I suppose it is kind of scary to travel in this pandemic situation, but putting that aside, it’s definitely worth applying for the JET program if you are interested in Japan or if you want to try out working and living in Japan. It really depends on where you’re placed but if you’re interested in interpreting, translating, event planning, or anything cultural exchange related I think it’s definitely worth applying. You just have to keep in mind that you might not always get where you want to go, but I think the element of surprise is also nice. The JET program is a really good experience, especially for people who just graduated and don’t know what to do next.

What would you tell someone thinking of applying for the CIR position?

If you’re thinking of applying for the CIR position, it’s definitely good to brush up on your Japanese because you will definitely use it. Before you apply, it’s good to be able to volunteer at local Japanese events or in local communities. For example, the Japanese festival in Melbourne and that sort of thing is quite good. It’s a nice way to familiarize yourself with working with Japanese people and people of different cultural backgrounds when you’re volunteering at events like those. Definitely apply if you’re looking at applying. It’s a really good experience.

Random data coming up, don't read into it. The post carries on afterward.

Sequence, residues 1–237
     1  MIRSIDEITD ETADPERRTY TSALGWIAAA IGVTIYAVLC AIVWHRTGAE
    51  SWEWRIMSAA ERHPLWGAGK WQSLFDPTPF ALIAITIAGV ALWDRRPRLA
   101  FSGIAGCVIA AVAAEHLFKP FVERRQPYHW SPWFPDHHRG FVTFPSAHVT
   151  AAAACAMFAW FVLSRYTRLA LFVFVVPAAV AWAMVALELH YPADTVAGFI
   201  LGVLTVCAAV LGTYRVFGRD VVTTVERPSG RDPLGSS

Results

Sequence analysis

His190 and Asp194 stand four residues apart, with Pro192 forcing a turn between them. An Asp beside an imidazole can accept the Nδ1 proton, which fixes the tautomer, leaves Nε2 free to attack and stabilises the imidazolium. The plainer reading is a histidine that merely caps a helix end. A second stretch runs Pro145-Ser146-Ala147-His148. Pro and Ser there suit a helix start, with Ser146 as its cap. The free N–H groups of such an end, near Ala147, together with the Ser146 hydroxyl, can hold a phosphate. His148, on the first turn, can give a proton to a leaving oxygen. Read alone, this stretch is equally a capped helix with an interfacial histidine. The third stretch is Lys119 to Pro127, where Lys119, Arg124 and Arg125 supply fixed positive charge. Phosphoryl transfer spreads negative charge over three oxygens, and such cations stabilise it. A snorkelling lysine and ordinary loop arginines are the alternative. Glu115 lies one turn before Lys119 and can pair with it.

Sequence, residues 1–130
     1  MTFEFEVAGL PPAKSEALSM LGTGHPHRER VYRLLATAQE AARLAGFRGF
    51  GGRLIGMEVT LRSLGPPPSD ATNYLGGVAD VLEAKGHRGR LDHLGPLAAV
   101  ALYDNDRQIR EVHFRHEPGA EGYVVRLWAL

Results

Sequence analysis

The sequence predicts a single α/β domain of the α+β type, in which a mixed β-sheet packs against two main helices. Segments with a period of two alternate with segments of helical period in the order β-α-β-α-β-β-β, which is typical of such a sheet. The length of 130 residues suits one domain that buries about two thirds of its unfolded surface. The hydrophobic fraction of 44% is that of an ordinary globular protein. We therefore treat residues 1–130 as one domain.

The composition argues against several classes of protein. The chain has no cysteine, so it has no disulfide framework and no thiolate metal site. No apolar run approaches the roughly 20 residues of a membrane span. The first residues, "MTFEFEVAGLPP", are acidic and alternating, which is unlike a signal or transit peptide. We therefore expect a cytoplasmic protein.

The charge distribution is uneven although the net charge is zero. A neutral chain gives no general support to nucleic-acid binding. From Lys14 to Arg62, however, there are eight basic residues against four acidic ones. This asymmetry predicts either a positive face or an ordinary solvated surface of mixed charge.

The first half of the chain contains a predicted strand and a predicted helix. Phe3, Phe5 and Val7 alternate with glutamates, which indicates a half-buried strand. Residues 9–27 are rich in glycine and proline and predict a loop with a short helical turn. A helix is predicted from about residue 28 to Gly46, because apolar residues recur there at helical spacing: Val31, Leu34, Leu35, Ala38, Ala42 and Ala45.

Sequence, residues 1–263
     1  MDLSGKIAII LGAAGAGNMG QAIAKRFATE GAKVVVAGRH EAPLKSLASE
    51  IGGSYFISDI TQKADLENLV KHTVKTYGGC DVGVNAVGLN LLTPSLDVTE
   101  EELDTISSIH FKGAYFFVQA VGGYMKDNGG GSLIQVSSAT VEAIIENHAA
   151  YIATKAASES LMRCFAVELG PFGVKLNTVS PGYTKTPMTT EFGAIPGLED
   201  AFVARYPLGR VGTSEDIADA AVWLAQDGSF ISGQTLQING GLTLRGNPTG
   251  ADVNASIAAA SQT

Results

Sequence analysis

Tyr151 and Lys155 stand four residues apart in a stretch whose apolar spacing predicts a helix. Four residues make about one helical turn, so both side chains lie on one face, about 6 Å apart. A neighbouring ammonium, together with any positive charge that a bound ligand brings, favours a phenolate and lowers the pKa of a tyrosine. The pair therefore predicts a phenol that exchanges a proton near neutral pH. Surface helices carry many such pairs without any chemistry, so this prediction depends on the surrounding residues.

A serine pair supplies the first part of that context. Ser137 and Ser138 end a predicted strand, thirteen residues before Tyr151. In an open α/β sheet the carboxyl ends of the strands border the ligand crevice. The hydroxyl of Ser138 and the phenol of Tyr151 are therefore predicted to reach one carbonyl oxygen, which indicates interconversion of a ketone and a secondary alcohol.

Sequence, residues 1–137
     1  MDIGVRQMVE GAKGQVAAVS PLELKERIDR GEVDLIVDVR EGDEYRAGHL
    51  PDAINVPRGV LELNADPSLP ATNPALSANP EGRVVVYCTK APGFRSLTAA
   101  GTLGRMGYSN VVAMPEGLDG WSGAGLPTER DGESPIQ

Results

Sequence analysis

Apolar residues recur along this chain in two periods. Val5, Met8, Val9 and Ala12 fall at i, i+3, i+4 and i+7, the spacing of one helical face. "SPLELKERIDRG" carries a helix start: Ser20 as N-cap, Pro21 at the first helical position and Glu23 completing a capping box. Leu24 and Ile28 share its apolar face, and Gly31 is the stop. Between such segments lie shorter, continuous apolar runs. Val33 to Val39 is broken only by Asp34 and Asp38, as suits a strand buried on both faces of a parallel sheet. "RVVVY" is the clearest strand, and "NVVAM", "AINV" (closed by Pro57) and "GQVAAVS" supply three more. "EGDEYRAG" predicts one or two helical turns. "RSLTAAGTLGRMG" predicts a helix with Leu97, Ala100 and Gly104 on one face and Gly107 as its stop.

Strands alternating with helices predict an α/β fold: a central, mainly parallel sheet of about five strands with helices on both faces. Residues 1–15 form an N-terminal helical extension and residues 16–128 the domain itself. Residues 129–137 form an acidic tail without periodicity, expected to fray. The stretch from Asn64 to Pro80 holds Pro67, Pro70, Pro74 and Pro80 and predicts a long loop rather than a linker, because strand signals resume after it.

Group photo with the Honmachi Shotengai committee members

Thank you Leianne for taking the time to do this interview. It was lovely to have this opportunity to speak to you. The team at Asia Options wish you all the best with your future endeavours.

The application deadline for the 2021 JET Programme is Friday the 11th of December 2020. For information about how to apply, check out the Embassy of Japan in Australia website.

Interested in reading more about the JET Programme and working in Japan? Have a look at the following articles:

The JET Program: Your Ticket to Living and Working in Japan

Teaching English in Japan: Your Guide

3 Ways To Unlock Career Success In Japan

From Kamaishi to Tokyo with Emily Hallams

The following two tabs change content below.

Yasmin McGarva

Yasmin is in her final year of a Bachelor of Arts at the University of Melbourne, majoring in Japanese and Media and Communications. She has undertaken a semester exchange at Hokkaido University and volunteered with ISA Australia as a group leader teaching English in schools throughout Japan. With a deep interest in cultural exchange, Yasmin aspires to work connecting Australia with Japan and the Indo-Pacific region.

Leave a Comment